Check those in power
Two recent headlines are the most disconcerting I have ever read.
The first, on Feb. 23, read, “Trump on the hunt for disloyal officials.” Funny. It is my understanding that we pledge allegiance to the flag in this country, not to a president. Now perhaps people will believe that Trump asked James Comey for his loyalty while alone with him in the oval office.
Since the Senate was complicit in their silence and didn't have courage enough to stand up to him, Trump is no longer constrained in his efforts to subvert the Constitution and the rule of law for his own benefit.
The second headline, on Feb. 26, read, “Trump persists against justices.” In this effort, he accused justices Ruth Bader Ginsburg and Sonia Sotomayor of bias against him and doesn't want them to hear any case involving his administration. Unlike Trump, the justices respect the Constitution. It's their job to interpret it regardless of their own personal feelings, a concept that, on a daily basis, escapes Trump.
Both Trump and those senators who voted to not hold him responsible for actions that even they admitted he was guilty of should no longer hold public office. I recall Rick Scott running on a platform of term limits. We should take him up on that and limit him to one term and vote out all the others as they come up for re-election.
America is not a one-man show and we need to recognize the purging of chosen targets because someday, if left unchecked, those in power will find a reason to come for you.
Donna McClelland, Leesburg
Bloomberg and poverty
In the Feb. 25 issue of the Daily Commercial there was a column written by Noah Smith of Bloomberg Opinion titled “Poverty is about stress, not laziness." I have two problems with the column.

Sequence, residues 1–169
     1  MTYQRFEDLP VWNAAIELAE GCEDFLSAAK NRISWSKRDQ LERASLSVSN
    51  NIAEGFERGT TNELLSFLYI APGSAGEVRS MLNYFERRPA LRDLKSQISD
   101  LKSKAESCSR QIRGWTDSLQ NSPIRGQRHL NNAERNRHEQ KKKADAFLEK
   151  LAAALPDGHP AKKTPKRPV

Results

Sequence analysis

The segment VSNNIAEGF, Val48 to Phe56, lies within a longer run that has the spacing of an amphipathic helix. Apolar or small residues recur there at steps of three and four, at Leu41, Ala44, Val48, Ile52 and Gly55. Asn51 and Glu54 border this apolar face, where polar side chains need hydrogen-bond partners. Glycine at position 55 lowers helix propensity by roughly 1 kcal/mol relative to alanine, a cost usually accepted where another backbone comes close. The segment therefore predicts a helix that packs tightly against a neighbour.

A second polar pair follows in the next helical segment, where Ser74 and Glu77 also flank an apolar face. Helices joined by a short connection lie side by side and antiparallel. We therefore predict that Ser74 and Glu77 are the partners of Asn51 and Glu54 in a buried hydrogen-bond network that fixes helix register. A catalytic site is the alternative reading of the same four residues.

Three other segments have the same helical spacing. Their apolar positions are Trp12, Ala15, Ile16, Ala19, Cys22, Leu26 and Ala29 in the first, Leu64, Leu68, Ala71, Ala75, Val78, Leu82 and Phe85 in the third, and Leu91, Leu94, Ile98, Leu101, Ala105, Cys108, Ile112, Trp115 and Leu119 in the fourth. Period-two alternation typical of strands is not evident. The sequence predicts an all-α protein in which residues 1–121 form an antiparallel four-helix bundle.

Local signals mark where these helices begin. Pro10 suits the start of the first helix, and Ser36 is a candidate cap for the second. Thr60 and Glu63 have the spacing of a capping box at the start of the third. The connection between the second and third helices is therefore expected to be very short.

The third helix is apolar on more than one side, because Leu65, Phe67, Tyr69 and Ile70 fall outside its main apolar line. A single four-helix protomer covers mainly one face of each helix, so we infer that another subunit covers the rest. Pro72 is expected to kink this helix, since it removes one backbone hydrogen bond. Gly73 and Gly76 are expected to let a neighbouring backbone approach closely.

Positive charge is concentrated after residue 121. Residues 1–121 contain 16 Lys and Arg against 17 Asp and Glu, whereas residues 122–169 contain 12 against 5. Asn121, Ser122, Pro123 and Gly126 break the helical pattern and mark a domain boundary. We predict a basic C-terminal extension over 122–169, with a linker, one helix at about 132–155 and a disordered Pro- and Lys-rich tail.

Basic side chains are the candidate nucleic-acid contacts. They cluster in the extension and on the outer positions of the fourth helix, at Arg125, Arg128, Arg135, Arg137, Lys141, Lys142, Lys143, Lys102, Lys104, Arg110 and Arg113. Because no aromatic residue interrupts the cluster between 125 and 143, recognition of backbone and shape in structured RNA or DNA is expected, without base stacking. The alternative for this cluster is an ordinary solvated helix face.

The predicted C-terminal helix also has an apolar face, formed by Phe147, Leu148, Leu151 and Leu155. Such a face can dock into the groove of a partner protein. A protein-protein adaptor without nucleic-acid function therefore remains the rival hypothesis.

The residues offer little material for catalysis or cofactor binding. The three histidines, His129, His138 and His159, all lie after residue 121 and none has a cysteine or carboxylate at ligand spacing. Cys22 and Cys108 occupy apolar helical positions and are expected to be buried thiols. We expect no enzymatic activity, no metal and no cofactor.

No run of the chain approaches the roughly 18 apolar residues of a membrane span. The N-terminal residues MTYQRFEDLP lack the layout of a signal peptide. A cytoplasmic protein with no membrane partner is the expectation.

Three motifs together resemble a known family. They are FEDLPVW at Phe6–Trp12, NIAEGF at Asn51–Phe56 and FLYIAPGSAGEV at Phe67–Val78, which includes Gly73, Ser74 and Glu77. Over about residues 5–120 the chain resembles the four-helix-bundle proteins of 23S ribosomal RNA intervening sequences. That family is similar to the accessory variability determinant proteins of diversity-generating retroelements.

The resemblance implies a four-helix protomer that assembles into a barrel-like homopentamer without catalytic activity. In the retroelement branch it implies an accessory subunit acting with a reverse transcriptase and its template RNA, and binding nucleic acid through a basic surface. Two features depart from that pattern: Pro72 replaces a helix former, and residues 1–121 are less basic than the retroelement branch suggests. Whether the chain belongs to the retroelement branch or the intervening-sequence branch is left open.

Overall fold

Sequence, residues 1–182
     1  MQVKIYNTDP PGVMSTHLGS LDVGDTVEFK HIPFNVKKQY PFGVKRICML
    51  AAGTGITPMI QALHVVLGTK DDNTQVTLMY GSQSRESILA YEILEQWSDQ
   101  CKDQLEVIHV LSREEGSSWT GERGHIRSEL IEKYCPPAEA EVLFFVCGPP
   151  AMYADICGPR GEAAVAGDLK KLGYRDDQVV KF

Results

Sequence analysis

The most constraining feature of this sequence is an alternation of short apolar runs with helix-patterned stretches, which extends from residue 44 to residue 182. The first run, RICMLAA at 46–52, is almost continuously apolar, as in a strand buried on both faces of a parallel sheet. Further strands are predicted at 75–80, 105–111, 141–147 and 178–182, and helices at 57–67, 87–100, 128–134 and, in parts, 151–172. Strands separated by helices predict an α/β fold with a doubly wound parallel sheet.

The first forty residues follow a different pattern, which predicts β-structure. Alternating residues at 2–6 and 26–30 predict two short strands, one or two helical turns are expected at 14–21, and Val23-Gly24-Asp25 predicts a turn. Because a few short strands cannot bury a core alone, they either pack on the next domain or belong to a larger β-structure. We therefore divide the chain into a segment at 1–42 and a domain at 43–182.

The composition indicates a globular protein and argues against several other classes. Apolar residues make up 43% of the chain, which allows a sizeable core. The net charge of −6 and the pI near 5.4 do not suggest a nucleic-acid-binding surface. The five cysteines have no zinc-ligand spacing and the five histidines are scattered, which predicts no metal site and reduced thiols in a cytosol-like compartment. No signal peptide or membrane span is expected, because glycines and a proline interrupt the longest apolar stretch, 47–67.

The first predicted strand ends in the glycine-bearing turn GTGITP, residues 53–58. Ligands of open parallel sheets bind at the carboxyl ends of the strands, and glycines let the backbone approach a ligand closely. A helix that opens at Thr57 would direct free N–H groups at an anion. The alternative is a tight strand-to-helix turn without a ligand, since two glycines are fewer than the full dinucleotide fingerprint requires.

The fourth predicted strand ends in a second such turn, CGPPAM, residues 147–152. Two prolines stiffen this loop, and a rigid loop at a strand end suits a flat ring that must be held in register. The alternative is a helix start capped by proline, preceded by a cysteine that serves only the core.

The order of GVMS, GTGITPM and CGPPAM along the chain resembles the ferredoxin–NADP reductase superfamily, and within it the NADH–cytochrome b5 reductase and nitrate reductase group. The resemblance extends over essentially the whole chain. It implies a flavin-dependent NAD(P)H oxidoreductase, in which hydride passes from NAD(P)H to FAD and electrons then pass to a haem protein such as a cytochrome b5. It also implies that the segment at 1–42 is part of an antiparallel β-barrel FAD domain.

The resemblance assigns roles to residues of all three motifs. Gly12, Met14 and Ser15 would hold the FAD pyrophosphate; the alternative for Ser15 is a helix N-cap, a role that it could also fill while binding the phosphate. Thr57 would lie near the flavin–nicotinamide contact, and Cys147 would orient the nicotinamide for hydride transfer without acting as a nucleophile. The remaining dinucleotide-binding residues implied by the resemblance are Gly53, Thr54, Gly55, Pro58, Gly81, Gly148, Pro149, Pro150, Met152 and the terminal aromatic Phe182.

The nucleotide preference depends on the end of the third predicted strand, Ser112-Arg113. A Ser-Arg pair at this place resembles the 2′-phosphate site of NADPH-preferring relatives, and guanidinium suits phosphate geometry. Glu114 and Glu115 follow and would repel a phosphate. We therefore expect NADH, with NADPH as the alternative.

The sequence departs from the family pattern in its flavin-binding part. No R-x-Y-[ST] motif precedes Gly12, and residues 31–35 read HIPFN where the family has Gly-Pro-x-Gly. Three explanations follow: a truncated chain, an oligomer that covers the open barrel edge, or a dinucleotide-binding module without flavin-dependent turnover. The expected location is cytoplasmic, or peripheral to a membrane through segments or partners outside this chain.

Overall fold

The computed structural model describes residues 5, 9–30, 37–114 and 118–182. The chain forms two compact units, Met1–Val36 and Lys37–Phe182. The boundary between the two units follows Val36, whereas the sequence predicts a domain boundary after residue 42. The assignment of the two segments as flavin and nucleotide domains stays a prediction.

First, I was hoping that no paper in America would print anything from Bloomberg, not because the owner, Mike Bloomberg, is running for president, but specifically because his staff has been instructed not to investigate anything about him or those Democrats running against him. Only investigate President Trump. I would think that any newspaper with journalistic integrity would no longer accept stories from Bloomberg under these conditions.
My second problem with the column has to do with the conclusion that poverty is due to stress, not laziness. This conclusion is largely based on a 2013 paper authored by Harvard economist Sendhil Mullainathan and several other co-authors titled "Poverty impedes Cognitive Function." It seems that the stresses of poverty cause inaction which has been traditionally seen as laziness. The suggested solution: “Welfare benefits should be unconditional. The assurance of a basic income check each month, as well as guaranteed benefits like health care, would allow poor Americans to re-focus on getting themselves out of poverty."
Other suggestions offered were: Perhaps legalizing marijuana, reducing the number of traffic tickets for minor infractions, and making evictions more difficult.
I have a suggestion: Let the academic authors of this viewpoint put up their money to fund a pilot program to see if it works. If so, I'll contribute to its further implementation.
This column comes from a Bloomberg opinion writer. I encourage all of Bloomberg's staff to also invest in funding a pilot program based on this brilliant study from Harvard. I wonder if candidate Bloomberg endorses this concept? If not, I'll bet Bernie Sanders will!
Russ Sloan, Leesburg